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6 ways to break free from ANXIETY

Whether it’s down to money panic, fear of job loss or a general gnawing worry, more and more of us are feeling anxious. In fact, NHS figures published in 2012 by the NHS Information Centre showed outpatient appointments for anxiety disorders increased five fold between 2007 and 2011.  Here’s help 

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1. BREATHING  Sit still, breathe slowly and make the out breath longer than the in breath.  Anxiety stimulates inhalations which activate the panic centre of the brain – the sympathetic nervous system. Lengthening the outbreath stimulates the parasympathetic nervous system, the brain’s calming centre.

2. EXERCISE ‘Anxiety is caused by excess adrenaline flooding our system.  Exercise is a healthy way of working that off,’ says Nicky Lidbetter, CEO of Anxiety UK.  A 2010 study in the Archives of Internal Medicine found that regular exercise reduced symptoms by 20 per cent.  Crdiovascular exercise – running, walking, dancing, rowing or cycling – done for half an hour five times a week is most effective for mood issues.

3. THERAPY  Your doctor may be able to prescribe a course of Cognitive Behavioural Therapy (CBT) on the NHS to help break the patterns that lead to anxiety though in some Primary Care Trusts you might have to wait up to six months for treatment.  Other therapies for anxiety include Solution Focused Brief Therapy and Compassion Focused Therapy.  Find a therapist at

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4. MINDFULNESS MEDITATION Just 20 minutes daily of this non-religious technique that focuses on the breath and the moment has been proven to improve anxiety. Mindfulness Based Stress Reduction (MBSR) of Mindfulness Based Cognitive Therapy (MBCT) are eight-week courses combining meditation and group therapy.  You may be entitled to a course on the NHS, so talk to your GP. The charity Mind also hold courses. Day workshops, one-to-one lessons and  CDs are also available  from or or read The Mindful Way Through Depression (Guilford Press £15.99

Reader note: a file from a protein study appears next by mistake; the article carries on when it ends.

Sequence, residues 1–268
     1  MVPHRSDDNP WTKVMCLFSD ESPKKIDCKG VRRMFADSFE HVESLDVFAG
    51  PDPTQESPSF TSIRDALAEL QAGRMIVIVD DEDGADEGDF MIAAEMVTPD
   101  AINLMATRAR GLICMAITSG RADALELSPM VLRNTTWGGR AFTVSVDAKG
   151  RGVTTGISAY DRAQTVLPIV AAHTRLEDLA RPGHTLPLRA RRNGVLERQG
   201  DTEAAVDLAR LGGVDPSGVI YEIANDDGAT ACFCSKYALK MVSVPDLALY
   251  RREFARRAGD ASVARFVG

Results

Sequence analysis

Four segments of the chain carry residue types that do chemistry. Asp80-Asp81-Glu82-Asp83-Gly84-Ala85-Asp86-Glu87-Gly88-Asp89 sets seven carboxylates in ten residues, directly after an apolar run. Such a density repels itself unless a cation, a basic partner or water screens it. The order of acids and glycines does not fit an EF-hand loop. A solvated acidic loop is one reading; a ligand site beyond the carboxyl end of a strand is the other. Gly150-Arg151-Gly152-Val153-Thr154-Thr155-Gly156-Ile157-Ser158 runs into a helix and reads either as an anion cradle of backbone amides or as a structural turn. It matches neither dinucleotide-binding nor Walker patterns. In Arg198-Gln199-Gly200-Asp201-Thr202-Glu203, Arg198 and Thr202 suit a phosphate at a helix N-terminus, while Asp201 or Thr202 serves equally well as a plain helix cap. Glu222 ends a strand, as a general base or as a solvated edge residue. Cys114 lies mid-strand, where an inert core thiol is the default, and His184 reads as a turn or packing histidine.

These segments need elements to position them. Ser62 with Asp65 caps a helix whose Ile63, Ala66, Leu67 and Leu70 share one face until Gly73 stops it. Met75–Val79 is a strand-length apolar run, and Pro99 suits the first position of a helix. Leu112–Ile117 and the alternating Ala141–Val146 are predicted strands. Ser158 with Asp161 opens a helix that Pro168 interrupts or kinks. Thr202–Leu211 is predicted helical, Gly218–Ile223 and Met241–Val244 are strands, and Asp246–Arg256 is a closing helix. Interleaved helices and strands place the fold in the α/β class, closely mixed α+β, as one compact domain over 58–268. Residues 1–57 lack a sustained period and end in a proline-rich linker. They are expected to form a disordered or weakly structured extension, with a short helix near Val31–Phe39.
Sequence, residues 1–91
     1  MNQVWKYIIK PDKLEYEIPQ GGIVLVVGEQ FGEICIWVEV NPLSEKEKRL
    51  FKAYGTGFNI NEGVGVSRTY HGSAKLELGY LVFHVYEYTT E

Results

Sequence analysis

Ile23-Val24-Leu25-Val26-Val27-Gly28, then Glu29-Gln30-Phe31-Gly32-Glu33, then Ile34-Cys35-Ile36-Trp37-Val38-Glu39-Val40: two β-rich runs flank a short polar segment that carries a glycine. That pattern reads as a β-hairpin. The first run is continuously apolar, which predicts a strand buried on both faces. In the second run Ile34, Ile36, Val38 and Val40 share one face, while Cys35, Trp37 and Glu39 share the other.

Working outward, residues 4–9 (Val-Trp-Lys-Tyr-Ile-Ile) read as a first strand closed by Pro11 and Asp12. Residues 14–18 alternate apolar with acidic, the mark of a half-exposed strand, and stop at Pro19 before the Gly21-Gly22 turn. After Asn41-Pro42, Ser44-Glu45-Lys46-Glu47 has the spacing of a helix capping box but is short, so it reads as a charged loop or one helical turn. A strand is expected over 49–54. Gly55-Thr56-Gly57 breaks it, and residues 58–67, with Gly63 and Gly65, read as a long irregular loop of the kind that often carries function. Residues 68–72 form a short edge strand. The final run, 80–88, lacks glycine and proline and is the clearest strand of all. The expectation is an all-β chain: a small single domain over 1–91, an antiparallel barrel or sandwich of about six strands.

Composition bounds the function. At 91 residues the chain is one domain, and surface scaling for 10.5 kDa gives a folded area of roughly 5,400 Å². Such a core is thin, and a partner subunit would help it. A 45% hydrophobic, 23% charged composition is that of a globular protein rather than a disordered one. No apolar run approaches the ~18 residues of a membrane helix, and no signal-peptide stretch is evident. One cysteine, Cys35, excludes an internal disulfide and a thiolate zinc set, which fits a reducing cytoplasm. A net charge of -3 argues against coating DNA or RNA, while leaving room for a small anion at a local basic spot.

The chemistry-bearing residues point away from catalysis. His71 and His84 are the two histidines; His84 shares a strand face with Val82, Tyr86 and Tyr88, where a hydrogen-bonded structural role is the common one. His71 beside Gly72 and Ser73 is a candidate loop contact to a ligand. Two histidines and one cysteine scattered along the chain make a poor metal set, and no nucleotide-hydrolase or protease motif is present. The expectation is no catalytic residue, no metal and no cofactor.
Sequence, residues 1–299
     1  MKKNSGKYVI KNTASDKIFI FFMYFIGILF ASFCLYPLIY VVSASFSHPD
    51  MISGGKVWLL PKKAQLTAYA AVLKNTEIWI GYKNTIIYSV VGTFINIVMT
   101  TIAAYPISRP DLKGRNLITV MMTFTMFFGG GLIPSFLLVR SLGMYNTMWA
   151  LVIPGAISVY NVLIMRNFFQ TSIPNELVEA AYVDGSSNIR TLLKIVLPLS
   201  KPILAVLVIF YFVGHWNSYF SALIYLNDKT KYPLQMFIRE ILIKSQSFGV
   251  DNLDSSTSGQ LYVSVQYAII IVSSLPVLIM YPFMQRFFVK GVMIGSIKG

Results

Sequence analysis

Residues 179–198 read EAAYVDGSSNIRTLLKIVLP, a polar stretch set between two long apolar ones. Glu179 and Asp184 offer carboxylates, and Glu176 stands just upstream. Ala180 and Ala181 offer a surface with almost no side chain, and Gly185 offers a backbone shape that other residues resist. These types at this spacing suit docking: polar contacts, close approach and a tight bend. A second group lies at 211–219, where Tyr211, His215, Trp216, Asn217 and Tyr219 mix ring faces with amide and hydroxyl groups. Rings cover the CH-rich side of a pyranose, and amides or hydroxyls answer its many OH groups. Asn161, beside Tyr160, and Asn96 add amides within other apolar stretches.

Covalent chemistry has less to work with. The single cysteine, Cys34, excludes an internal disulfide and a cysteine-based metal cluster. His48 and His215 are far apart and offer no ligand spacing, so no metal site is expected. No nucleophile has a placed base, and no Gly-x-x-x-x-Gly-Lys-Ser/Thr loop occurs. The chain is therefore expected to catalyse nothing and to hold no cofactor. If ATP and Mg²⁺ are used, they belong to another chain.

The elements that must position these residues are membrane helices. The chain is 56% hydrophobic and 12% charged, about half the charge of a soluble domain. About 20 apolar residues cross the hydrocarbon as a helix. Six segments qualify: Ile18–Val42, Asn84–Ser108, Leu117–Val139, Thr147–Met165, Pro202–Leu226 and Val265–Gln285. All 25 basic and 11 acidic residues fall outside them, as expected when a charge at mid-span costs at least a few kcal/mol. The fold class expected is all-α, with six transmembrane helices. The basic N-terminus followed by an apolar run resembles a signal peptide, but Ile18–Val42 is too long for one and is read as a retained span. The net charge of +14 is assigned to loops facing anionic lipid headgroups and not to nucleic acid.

5. HERBAL HELP  A pilot study published in 2008 in the Journal of Alternative and Complementary Medicine found the herb Rhodiola Rosea could help the symptoms of Generalized Anxiety Disorder.  Try Healthspan Rhodiola Stress Relief £.19.95 (from

sleeping pills6. MEDICATION Drugs such as Valium, Ativan or Xanax – called benzodiazepines – knock out anxiety and relax muscles fast but they are highly addictive and rarely recommended for more than two weeks, says Dr Ian Drever, psychiatrist at The Priory, Woking.  ‘Anxiety is more likely to be treated with antidepressants called Selective Serotonin Repuptake Inhibitors  (SSRIs – Prozac is one)’, he explains.  ‘A patient may also be referred for therapy.’ A newer drug called pregabalin (generic name, commercial name is Lyrica) – used to reduce pain – has also been shown to effectively help with anxiety symptoms, he says.  Talk to your doctor as some medications have side effects such as diminished sex drive and weight gain.

For help and advice talk to your doctor or call the Anxiety UK helpline on 08444 775 774. October 10th is World Mental Health Day.

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